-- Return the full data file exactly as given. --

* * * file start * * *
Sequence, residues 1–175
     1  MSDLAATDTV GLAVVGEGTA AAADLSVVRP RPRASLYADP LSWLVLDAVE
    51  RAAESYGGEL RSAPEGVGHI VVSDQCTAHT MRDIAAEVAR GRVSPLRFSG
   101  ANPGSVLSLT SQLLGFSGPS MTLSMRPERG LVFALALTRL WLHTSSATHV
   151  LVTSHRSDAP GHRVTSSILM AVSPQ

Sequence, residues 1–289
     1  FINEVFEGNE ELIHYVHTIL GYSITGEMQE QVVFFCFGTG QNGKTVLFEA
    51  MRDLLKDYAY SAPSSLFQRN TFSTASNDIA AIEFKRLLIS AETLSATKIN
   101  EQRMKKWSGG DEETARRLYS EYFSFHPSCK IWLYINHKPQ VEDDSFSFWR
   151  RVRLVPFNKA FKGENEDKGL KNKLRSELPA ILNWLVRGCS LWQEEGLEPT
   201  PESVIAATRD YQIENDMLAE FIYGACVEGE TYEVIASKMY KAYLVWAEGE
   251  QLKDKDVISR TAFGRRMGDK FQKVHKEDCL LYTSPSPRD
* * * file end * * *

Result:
Sequence, residues 1–175
     1  MSDLAATDTV GLAVVGEGTA AAADLSVVRP RPRASLYADP LSWLVLDAVE
    51  RAAESYGGEL RSAPEGVGHI VVSDQCTAHT MRDIAAEVAR GRVSPLRFSG
   101  ANPGSVLSLT SQLLGFSGPS MTLSMRPERG LVFALALTRL WLHTSSATHV
   151  LVTSHRSDAP GHRVTSSILM AVSPQ

Sequence, residues 1–289
     1  FINEVFEGNE ELIHYVHTIL GYSITGEMQE QVVFFCFGTG QNGKTVLFEA
    51  MRDLLKDYAY SAPSSLFQRN TFSTASNDIA AIEFKRLLIS AETLSATKIN
   101  EQRMKKWSGG DEETARRLYS EYFSFHPSCK IWLYINHKPQ VEDDSFSFWR
   151  RVRLVPFNKA FKGENEDKGL KNKLRSELPA ILNWLVRGCS LWQEEGLEPT
   201  PESVIAATRD YQIENDMLAE FIYGACVEGE TYEVIASKMY KAYLVWAEGE
   251  QLKDKDVISR TAFGRRMGDK FQKVHKEDCL LYTSPSPRD